The Minnesota Court of Appeals today settled (pdf) — at least for now — a Catch-22 problem for a woman who tried to rent an apartment in Spring Park, Minn., last year.
Mary Cocchiarella gave Donald Driggs $2,400 for the first-month’s rent and security deposit. But he told her he still had some work to do on the apartment and she wouldn’t be able to move in for another day. Another day — and many days after that — came and went and still she couldn’t move in.
She filed suit for unlawful exclusion under the state law, which reads:
This section applies to actual or constructive removal or exclusion of a residential tenant which may include the termination of utilities or the removal of doors, windows, or locks. A residential tenant to whom this section applies may recover possession of the premises as described in paragraphs…
Do you see the catch? It’s the phrase “residential tenant,” which is defined as “a person who is occupying a dwelling in a residential building under a lease or contract, whether oral or written, that requires the payment of money or exchange of services.”
A district court, at Driggs’ request, threw her claim out because she wasn’t a residential tenant. How could she be if she couldn’t get into the apartment to be a residential tenant?
That sent the judges on the Minnesota Court of Appeals to, perhaps, the most important manual in law: a dictionary, three of them in this case.
In this appeal, the key word in the definition is “occupying”; a “residential tenant” is “a person who is occupying a dwelling in a residential building.” The common meaning of the word “occupy” in the context of residential real property is “to take or enter upon possession of; to seize,” Webster’s New International Dictionary 1684 (2d ed. 1934), “to take up residence in: settle in,” Webster’s Third New International Dictionary 1561 (3d ed. 1961), or “[t]o dwell or reside in,” The American Heritage Dictionary of the English Language 1218 (5th ed. 2011). These definitions indicate that a person satisfies the definition of “residential tenant” in chapter 504B only if the person actually had taken possession of rental property and had begun residing there before the filing of a petition pursuant to section 504B.375.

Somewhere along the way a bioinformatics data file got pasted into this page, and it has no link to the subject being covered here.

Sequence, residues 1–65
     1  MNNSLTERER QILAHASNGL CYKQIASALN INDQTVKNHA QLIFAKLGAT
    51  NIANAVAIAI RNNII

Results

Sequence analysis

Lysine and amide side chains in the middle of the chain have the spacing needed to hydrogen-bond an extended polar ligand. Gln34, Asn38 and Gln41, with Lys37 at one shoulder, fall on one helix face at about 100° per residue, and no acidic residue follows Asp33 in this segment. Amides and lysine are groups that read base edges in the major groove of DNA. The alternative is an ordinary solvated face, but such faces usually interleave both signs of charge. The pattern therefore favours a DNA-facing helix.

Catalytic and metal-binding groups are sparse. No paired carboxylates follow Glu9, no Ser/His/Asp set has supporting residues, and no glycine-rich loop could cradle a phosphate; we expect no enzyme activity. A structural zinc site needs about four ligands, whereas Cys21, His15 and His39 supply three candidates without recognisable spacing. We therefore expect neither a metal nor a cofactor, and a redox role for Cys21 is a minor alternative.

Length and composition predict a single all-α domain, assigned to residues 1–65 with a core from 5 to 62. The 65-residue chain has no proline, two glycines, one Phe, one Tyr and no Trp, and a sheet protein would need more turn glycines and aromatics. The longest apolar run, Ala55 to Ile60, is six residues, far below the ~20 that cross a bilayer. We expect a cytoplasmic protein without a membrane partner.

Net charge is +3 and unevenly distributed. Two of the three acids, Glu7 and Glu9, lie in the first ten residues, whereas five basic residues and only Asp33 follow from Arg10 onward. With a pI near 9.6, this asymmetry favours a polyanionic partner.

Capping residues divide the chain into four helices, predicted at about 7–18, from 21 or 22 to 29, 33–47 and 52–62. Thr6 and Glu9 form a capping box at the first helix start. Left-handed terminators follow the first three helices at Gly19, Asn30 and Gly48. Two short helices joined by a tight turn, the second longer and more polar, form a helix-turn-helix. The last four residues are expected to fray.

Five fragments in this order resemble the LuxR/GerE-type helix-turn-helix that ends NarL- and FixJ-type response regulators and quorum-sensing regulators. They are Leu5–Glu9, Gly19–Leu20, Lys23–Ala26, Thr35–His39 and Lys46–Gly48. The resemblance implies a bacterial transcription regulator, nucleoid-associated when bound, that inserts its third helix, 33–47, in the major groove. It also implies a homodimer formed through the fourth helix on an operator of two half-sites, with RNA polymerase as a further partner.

This interpretation is bolstered by the legislature’s use of the word “recover” in section 504B.375, subdivision 1(a), which states, “A residential tenant to whom this section applies may recover possession of the premises as described in paragraphs (b) to (e).” Minn. Stat. § 504B.375, subd. 1(a) (emphasis added). The common definition of the word “recover” is “to get renewed possession of; to win back; to regain, as in lost property, territory,” Webster’s New International Dictionary 2081 (2d ed. 1934), or “[t]o get back (something lost or taken away),” The American Heritage Dictionary of the English Language 1470 (5th ed. 2011). This language indicates that the remedy provided by section 504B.375 is available only to a person who had possession of rental property and seeks to recover possession.
So the Court of Appeals rejected Cocchiarella’s claim, saying she has other remedies available to her.
It ordered the Housing Court to return the rent money to the Cocchiarella, and sent her claim for additional damages — she spent more than $1,000 fighting for the apartment — back to a lower court. It said another law — this one — doesn’t require her to be a residential tenant to be awarded up to three times the amount she lost in damages.